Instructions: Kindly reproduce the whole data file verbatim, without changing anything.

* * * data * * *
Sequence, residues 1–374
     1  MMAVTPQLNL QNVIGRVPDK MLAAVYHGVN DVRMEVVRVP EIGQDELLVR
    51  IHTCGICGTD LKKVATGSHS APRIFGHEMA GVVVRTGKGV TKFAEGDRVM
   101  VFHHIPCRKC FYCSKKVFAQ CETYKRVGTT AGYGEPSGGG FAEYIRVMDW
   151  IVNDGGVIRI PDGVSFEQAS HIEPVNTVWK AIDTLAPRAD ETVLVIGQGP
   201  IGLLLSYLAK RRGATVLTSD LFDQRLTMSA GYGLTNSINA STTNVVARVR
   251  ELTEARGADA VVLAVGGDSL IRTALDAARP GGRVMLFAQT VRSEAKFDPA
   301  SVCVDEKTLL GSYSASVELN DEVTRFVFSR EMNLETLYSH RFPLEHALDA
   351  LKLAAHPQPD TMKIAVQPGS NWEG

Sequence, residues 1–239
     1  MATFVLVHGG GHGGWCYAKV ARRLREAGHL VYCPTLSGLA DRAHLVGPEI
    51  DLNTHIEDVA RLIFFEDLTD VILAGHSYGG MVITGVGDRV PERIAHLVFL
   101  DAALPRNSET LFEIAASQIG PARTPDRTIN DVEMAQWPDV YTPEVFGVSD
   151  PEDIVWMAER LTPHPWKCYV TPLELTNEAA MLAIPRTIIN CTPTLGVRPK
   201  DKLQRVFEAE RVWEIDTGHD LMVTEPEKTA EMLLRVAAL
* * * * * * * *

Sequence, residues 1–374
     1  MMAVTPQLNL QNVIGRVPDK MLAAVYHGVN DVRMEVVRVP EIGQDELLVR
    51  IHTCGICGTD LKKVATGSHS APRIFGHEMA GVVVRTGKGV TKFAEGDRVM
   101  VFHHIPCRKC FYCSKKVFAQ CETYKRVGTT AGYGEPSGGG FAEYIRVMDW
   151  IVNDGGVIRI PDGVSFEQAS HIEPVNTVWK AIDTLAPRAD ETVLVIGQGP
   201  IGLLLSYLAK RRGATVLTSD LFDQRLTMSA GYGLTNSINA STTNVVARVR
   251  ELTEARGADA VVLAVGGDSL IRTALDAARP GGRVMLFAQT VRSEAKFDPA
   301  SVCVDEKTLL GSYSASVELN DEVTRFVFSR EMNLETLYSH RFPLEHALDA
   351  LKLAAHPQPD TMKIAVQPGS NWEG

Sequence, residues 1–239
     1  MATFVLVHGG GHGGWCYAKV ARRLREAGHL VYCPTLSGLA DRAHLVGPEI
    51  DLNTHIEDVA RLIFFEDLTD VILAGHSYGG MVITGVGDRV PERIAHLVFL
   101  DAALPRNSET LFEIAASQIG PARTPDRTIN DVEMAQWPDV YTPEVFGVSD
   151  PEDIVWMAER LTPHPWKCYV TPLELTNEAA MLAIPRTIIN CTPTLGVRPK
   201  DKLQRVFEAE RVWEIDTGHD LMVTEPEKTA EMLLRVAAL